The Peanuts Movie (2015)

Genres - Children's/Family  |   Sub-Genres - Family-Oriented Comedy  |   Release Date - Nov 6, 2015 (USA)  |   Run Time - 88 min.  |   Countries - United States   |   MPAA Rating - G
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Review by Violet LeVoit

There have been countless Peanuts specials since the 1965 debut of A Charlie Brown Christmas, and while some have been memorable (It's the Great Pumpkin, Charlie Brown) and some have not aged well (It's Flashbeagle, Charlie Brown, with a leg-warmer-wearing Snoopy doing his best Flashdance impression), all of them were rendered in flat, 2D cel animation. Charles M. Schulz's minimalist style fit the medium of cel animation well, however, and so news of a CGI Peanuts movie raised the hackles of many fans. Purists were worried: Would transferring these characters to three dimensions junk up the simplicity of Schulz's vision? They needn't have worried. The Peanuts Movie is gently respectful to the strip's origins while it still finds ways to expand its visual possibilities as it folds the audience warmly back into its beloved little world.

While the plot is loosely gathered around a series of independent gag vignettes, giving the feel of leafing through a collection of newspaper strips, there is a main thread focusing on Charlie Brown (voiced by Noah Schnapp) and his fortuitous discovery of the Little Red-Haired Girl (Francesca Capaldi). Smitten, he embarks on a yearlong effort to impress her, a quest that's continually thwarted by a combination of his schlimazel bad luck and his innate human decency -- when it's a choice between coming to the rescue of his sister Sally (Mariel Sheets) or selfishly seizing a rare moment of the Little Red-Haired Girl's attention, good o'l Charlie Brown of course does the right thing.

People's memories of the Peanuts animated specials are sacrosanct, and so Blue Sky Studios (the same team behind Ice Age and Rio) have made many efforts to ease the transition from 2 to 3D animation, opting for a "2.5D" compromise, where bodies and objects have volume and texture (including a fleshy glow for skin tones and a felt-y, fuzzy fluff on Snoopy), but facial features and the cartoony motion lines zipping after their actions are rendered in Charles M. Schulz-style flat pen-and-ink work. They've also cast child voice actors who sound uncannily like our memories of the Christmas special. (No modern details like cellphones intrude into Peanuts-land, but there's a moment of anachronistic dissonance at the end, when the credits reveal characters with sturdy postwar names like "Sally" and "Patty" and "Marcie" are being voiced by Anastasias and Madisyns.) The end result is a worthy compromise that's true to the flavor of Schulz's original vision.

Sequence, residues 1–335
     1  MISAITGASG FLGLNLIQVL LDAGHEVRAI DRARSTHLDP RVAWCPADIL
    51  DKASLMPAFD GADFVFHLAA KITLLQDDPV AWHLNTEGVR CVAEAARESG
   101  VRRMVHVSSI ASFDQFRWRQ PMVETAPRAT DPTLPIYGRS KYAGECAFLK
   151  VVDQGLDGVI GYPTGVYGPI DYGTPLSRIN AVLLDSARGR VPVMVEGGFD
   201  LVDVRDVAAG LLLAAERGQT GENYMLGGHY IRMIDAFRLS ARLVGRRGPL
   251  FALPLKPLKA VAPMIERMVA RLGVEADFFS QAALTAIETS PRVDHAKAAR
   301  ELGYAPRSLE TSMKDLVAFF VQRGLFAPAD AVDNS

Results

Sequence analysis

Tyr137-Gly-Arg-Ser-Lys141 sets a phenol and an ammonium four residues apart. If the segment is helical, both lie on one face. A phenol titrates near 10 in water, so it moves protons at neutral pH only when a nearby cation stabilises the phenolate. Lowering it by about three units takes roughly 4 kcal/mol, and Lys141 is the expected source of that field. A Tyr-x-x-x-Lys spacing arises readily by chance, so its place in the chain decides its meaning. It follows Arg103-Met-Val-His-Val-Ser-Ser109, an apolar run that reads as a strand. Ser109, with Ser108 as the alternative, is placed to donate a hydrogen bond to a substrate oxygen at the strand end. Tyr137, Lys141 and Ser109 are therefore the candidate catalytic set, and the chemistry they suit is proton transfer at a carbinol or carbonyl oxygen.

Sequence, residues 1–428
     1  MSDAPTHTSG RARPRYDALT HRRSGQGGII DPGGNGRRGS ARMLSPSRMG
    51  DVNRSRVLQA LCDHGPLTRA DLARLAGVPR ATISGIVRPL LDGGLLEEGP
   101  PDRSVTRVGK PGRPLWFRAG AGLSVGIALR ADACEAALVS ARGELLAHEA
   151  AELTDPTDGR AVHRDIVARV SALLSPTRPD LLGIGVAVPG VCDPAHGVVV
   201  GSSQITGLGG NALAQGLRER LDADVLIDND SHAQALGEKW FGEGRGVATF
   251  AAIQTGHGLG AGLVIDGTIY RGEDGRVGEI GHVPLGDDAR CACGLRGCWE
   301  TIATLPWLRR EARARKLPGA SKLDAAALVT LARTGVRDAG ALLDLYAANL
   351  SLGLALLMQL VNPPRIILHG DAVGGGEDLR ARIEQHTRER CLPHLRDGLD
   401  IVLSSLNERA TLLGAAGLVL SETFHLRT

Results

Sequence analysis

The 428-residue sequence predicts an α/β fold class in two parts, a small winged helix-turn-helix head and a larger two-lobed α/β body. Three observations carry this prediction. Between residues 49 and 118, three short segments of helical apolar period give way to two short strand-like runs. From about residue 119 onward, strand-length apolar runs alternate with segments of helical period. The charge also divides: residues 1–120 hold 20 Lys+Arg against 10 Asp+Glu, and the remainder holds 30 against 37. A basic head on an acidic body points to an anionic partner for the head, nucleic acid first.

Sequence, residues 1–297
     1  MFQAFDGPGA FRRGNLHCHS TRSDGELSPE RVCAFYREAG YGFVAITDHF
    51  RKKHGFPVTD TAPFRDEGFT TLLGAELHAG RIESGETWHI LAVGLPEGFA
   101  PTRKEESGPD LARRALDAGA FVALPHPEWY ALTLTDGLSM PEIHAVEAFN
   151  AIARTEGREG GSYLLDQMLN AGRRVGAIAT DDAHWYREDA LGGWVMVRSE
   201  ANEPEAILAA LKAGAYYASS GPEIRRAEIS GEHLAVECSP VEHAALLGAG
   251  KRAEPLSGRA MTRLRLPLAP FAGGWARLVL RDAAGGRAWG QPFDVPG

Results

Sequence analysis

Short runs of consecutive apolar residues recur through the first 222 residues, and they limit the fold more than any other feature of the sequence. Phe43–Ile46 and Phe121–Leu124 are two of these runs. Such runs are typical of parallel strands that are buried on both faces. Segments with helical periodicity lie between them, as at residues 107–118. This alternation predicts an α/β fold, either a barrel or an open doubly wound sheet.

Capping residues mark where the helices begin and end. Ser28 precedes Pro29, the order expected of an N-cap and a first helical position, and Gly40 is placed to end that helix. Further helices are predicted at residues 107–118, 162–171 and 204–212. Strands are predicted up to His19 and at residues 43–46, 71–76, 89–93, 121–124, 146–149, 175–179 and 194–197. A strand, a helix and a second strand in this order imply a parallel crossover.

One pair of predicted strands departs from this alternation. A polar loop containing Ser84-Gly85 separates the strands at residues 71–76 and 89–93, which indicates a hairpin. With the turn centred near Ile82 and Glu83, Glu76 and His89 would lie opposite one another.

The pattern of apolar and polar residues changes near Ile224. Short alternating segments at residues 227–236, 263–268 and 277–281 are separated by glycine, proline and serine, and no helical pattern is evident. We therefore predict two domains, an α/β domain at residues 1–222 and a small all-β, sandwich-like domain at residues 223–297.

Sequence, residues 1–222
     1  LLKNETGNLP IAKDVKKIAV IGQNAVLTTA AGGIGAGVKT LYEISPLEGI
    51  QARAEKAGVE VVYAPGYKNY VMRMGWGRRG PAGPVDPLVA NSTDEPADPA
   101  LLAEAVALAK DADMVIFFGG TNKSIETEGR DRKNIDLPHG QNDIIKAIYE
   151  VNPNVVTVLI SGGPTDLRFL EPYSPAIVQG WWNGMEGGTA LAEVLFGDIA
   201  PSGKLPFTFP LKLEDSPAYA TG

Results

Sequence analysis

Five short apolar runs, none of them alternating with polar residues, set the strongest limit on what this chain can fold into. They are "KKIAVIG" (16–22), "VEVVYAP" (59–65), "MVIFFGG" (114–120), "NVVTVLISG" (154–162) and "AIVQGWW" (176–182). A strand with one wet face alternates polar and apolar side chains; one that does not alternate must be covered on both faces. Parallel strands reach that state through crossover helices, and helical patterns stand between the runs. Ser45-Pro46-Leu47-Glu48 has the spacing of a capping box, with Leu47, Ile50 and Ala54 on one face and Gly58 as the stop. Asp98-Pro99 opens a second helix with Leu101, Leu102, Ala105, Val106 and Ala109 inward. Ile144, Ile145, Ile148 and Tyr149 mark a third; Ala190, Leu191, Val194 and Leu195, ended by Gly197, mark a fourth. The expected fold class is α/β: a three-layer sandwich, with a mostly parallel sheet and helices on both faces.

While it was also a smart choice to carry over details like music from the Vince Guaraldi Trio and the "wah-WAH-wah" trombone of adult's voices, it's unfortunate that Snoopy, who has such a rich inner monologue in Schulz's strip, is still stuck with the squalling noises that no real beagle has ever made (vocalized post-humously from recordings by Charlie Brown specials director Bill Melendez.) But Snoopy gets his due in a vividly rendered subplot about his fantasies as a World War I flying ace smitten with daring French poodle aviatrix Fifi (Kristin Chenoweth, credited for a "vocal performance" that's barely a few scant squeaks and purrs). The animation team really gets to flex their 3D muscles in swooping, thrilling aerial dogfights over mountains and rivers, with Snoopy perched atop his red doghouse in hot pursuit of the Red Baron.

Even though Charlie Brown never stops struggling with his lot in life as a loveable loser, so much about The Peanuts Movie is done right that the only audience members with grounds for complaint are die-hard comics devotees, who might grumble that the heavy influence of the animated specials soft-pedals the existential angst that gave the original newspaper strip its tang. That may be so, but good grief! The Peanuts Movie is a sweet, appealing and harmless holiday romp, suitable for even the youngest moviegoers but with a little something for everyone.